- Pleased to Revisit Old Friends
I bought this book because I was primarily interested in the afterword by E.L. Konisburg. For my part, even though I am a grown woman now, I can still somewhatidentify with Claudia Kincaid and how she feels as the firstborn girl in the family. This is because that's what I was, growing up. I also think if I could run away, that's how I'd want to do it, too....more info
- I loved this book as a kid, and love it now!
I just bought this book for my 4th grader and had to read it again myself. It was one of my favorite books as a 4th-5th grader....more info
- A delightful classic
It's wonderful to see a book first published in the later 1960's still being loved and enjoyed today. It was a special treat to pass this fantastic read on to my children since it was one of my favorites growing up. Living near enough to New York that we get to the MET at least once a year made it even better for them.
Some things haven't changed in over 40 years. Kids Claudia's age still feel they have the worst parents and most miserable situation at one point or another. What sets this story apart from other "kid hates parents, kid runs away..." stories is that Claudia comes up with an adventure so that she isn't running away, but running to something - the Metropolitan Museum of Modern Art. Rather then reciting the whole story I'll just say this is a fabulous book and if you didn't read it as a child, get it and read it now with your children. ...more info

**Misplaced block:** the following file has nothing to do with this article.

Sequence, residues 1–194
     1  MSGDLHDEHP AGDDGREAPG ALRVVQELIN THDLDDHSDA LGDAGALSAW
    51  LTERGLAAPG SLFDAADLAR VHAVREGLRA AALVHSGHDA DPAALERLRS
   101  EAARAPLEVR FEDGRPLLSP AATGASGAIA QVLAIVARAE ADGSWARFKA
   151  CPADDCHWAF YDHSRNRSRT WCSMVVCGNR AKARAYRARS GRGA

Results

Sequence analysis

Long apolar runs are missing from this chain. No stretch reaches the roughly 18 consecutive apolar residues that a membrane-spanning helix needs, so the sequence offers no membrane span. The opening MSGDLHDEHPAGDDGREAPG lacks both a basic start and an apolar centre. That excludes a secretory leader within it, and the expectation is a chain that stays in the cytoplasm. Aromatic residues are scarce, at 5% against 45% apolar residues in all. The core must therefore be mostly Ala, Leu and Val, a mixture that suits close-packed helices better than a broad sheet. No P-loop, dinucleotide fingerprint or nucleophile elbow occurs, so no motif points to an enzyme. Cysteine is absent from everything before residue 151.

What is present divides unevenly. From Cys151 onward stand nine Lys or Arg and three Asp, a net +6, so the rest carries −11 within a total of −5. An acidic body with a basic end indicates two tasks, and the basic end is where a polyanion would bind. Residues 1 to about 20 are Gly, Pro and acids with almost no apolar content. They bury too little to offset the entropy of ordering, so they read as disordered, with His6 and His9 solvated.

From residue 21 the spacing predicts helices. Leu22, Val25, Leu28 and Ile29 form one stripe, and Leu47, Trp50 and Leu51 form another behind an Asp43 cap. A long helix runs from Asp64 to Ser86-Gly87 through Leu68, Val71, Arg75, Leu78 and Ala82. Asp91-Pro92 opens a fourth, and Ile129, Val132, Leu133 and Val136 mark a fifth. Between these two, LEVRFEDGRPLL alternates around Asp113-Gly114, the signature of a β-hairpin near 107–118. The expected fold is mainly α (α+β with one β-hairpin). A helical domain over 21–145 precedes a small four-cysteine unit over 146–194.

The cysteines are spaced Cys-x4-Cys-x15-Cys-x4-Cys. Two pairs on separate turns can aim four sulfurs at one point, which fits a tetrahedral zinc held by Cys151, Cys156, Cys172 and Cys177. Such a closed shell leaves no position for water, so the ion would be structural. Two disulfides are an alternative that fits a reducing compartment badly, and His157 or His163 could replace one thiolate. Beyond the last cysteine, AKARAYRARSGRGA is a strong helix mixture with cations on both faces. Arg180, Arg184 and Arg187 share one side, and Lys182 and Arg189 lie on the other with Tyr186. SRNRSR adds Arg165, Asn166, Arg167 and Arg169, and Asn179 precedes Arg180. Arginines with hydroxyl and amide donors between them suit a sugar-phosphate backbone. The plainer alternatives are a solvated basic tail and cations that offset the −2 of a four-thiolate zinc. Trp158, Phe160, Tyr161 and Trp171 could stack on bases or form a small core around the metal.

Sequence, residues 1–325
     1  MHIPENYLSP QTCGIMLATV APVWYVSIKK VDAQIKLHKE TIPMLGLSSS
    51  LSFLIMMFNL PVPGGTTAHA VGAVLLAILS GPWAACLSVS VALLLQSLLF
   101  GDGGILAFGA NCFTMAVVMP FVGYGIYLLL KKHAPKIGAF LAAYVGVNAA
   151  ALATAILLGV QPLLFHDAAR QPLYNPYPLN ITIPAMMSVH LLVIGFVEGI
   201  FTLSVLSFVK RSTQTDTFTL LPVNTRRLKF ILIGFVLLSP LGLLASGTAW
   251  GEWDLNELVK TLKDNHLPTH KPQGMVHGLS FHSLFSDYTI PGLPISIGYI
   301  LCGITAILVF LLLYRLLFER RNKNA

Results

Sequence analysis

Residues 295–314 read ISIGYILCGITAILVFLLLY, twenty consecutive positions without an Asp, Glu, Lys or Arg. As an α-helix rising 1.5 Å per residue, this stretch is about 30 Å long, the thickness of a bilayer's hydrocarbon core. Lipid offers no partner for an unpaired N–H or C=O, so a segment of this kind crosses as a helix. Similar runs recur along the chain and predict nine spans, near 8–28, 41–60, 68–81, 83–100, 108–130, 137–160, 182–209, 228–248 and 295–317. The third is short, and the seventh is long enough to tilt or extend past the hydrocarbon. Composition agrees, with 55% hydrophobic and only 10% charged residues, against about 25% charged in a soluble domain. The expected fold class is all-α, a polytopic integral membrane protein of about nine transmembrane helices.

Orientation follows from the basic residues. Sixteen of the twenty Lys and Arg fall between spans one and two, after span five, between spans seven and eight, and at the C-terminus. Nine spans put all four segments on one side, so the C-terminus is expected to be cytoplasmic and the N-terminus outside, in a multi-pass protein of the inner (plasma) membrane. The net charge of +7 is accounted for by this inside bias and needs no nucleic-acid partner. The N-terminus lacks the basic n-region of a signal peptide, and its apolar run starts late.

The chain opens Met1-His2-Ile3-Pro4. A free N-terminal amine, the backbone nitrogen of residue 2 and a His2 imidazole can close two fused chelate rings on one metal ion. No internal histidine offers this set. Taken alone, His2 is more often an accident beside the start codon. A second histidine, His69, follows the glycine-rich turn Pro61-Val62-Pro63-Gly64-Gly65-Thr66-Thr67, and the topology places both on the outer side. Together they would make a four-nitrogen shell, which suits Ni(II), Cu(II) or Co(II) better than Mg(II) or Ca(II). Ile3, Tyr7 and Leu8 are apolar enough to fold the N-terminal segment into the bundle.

- From the Mixed-up Files of Mrs. Basil E. Frankweiler
Have you ever wondered about running away from home? Well, Claudia did. And she planned her escape very carefully. She would take one of her brother's, Jamie with her. They would both live very comfortably at the Metropolitan Museum of Art. She would be gone long enough to teach her parents a lesson. Everything went as planned. Then, Claudia set her eyes on a beautiful angel sculpture. Everyone wants to find out who made "Angel". Claudia is determined to find out the maker of it. The answer lies with the former owner of the statue, Mrs. Basil E. Frankweiler. Join Claudia and Jamie on their adventure to solve the mystery!
I liked the book very much. The adventure in the story was exciting. I can relate myself to some characters in the book such as Claudia. We both plan very carefully for anything and we both know what it feels like to be the oldest child in the family. I was surprised to find out that Jamie gambles and cheats (so much for an innocent boy). There were some things that I didn't like in the book. For example, it didn't tell you from whose point of view the story was written from. You found out in the middle of the book. Also, some parts of the story were confusing. I had to read those parts more than two times.